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Living Well

How Do You Heal a Broken Heart?
Learning to Heal after a Heart Attack

August 2000

A note from TheBody.com: Since this article was written, the HIV pandemic has changed, as has our understanding of HIV/AIDS and its treatment. As a result, parts of this article may be outdated. Please keep this in mind, and be sure to visit other parts of our site for more recent information!

Back in the June issue, we began to look at how HIV weakened my heart's left ventricle causing a heart attack. As I continue to recover, I want to learn more about heart disease and hopefully share some information that will help other long-term survivors avoid cardiac disease.

"Emerging as the most important cardiac manifestation of HIV infection, left ventricular dysfunction can be an early indicator of congestive heart failure," says Amy Giantris and Steven Lipshultz in their chapter on heart disease in AIDS Therapy, a textbook which can be found in the Treatment Resource Center (in Atlanta, Georgia). They continue by saying, "Autopsy studies indicate that up to 25% of HIV-infected adults have dilated cardiomyopathy and up to 52% have myocarditis (inflammation of the heart muscle) at death."

Let's review some of the disorders of the heart caused by HIV and medications used to treat the disease. Muscle disorders include cardiomyopathy which is a general term for disease of the heart muscle itself. One type of cardiomyopathy is inherited; others can be caused by vitamin deficiencies or alcohol poisoning, or may be triggered by a viral infection such as HIV. Myocarditis is inflammation of the heart muscle. It may be caused by viral infection or by toxins released during a bacterial infection. Rarely, it results from drugs or radiation therapy. Foscarnet therapy for cytomegalovirus infection in an adult with AIDS was associated with reversible episodes of congestive heart failure. Gancilclovir has been associated with ventricular tachycardia (rapid heart rate) in HIV-infected patients.

Interferon-alpha therapy was correlated with the development of reversible congestive cardiomyopathy in three adults with AIDS and Kaposi's sarcoma. Systemic corticosteroids, used to treat some infected patients, may result in ventricular dysfunction. Conflicting reports of various studies suggest that the potential cardiotoxic effects of zidovudine (AZT) are not clearly defined. One study suggests there is a relationship between the administration of zidovudine and improvement of ventricular function, while others suggest the drug is associated with deterioration of function.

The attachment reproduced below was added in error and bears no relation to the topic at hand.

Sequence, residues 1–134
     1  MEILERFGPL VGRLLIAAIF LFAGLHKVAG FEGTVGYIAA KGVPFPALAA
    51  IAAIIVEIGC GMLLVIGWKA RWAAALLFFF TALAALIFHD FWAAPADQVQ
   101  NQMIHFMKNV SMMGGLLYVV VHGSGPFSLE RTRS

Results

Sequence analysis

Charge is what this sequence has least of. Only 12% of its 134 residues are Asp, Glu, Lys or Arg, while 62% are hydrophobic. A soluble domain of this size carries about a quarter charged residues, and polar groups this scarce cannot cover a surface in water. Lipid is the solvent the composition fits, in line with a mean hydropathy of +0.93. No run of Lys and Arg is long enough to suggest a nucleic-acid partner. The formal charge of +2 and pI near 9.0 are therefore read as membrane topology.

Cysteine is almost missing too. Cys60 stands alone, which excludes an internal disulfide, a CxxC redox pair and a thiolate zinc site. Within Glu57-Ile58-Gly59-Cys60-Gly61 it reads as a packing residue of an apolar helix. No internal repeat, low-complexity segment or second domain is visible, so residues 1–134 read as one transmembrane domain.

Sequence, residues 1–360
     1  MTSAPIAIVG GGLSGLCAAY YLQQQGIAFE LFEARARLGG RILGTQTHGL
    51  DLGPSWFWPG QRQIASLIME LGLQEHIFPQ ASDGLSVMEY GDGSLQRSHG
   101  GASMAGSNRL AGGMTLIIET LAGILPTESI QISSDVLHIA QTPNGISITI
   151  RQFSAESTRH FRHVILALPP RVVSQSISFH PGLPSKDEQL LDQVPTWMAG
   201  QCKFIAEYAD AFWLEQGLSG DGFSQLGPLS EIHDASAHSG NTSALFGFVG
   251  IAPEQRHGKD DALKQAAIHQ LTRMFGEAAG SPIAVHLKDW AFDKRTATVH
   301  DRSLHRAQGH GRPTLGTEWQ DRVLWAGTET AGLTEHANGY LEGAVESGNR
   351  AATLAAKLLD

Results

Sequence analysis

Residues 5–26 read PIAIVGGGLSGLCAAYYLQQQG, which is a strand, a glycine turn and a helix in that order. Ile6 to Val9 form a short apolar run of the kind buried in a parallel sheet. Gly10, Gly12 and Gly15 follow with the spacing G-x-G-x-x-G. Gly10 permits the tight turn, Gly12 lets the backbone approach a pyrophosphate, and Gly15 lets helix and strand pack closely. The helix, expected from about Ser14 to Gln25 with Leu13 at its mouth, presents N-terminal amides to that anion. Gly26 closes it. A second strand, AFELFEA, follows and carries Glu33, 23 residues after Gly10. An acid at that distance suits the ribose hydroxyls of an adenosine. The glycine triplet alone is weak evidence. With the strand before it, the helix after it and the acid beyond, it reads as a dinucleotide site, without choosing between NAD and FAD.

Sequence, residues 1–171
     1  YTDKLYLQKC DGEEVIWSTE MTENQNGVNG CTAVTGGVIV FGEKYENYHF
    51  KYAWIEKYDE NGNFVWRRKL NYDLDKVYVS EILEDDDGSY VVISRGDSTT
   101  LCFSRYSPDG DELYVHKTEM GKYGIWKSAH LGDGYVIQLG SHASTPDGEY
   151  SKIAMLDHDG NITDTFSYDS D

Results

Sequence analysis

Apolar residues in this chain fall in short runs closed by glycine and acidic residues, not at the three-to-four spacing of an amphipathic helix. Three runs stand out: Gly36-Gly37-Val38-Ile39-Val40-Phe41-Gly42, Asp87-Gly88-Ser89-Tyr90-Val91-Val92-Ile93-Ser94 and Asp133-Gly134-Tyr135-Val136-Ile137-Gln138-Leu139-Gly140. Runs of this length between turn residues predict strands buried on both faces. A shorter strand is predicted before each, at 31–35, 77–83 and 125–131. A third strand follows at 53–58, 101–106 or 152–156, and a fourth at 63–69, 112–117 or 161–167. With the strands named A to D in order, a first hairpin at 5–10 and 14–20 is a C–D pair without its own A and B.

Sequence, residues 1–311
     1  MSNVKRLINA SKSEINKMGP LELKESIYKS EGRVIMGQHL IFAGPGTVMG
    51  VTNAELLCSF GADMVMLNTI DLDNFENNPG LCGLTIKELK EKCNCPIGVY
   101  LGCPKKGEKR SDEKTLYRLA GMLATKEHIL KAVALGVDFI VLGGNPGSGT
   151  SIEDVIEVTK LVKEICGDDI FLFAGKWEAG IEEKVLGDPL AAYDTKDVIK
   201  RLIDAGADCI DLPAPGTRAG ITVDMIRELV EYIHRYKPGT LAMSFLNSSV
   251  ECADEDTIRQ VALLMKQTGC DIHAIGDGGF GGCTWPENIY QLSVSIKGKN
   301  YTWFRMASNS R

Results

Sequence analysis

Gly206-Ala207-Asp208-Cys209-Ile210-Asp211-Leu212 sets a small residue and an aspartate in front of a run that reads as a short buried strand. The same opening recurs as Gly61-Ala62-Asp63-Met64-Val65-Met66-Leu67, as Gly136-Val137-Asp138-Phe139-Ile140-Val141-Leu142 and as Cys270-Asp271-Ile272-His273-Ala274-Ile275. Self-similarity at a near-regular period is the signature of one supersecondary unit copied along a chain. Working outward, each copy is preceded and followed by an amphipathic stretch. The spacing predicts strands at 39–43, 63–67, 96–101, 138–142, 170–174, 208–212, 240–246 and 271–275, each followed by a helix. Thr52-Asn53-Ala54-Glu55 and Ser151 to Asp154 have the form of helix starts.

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Diagnosis for HIV-positive patients is similar to the general population. Giantris and Lipshultz say, "Serial monitoring of left ventricular function in HIV-infected patients is critical both for the early diagnosis of cardiac dysfunction and for ruling it out."

Studies have shown that electrocardiographic abnormalities are not uncommon in HIV-infected patients. These are also known as an ECG or EKG which uses electrodes connected to a recording machine. Disturbances in heart rhythm have been reported in 44% to 93% of patients with HIV infection. This is one good reason to get a baseline EKG early in one's HIV diagnosis and treatment. Often the patient will have to request (or maybe insist) on this rather inexpensive procedure to be performed. But with a baseline EKG you will have something to compare to should you later have abnormal heart function.

Giantris and Lipshultz also recommend that asymptomatic HIV-positive patients should receive an echocardiogram (using ultrasound) once a year and an EKG and Holter monitor (a monitor that is worn by the patient for 24 hours to monitor heart function) examination biannually. Symptomatic HIV-positive patients who have presented with non-cardiac symptoms (such as lymphadenopathy, wasting, neurologic disease, serious infections or malignancies) should be evaluated with echocardiogram, EKG, and Holter monitor examinations to identify the presence of any cardiac abnormalities. If none are present, they recommend following up with echocardiogram every eight months and EKG and Holter monitor evaluations annually.

They continue, "For those patients who present with wasting, encephalopathy, co-infections (e.g., cytomegalovirus, Epstein-Barr virus), significant illness requiring hospitalization, evidence of IV abuse, [and other serious cardiac and non-cardiac diseases] should be evaluated with an echocardiogram every six months and EKG and Holter monitor every nine months."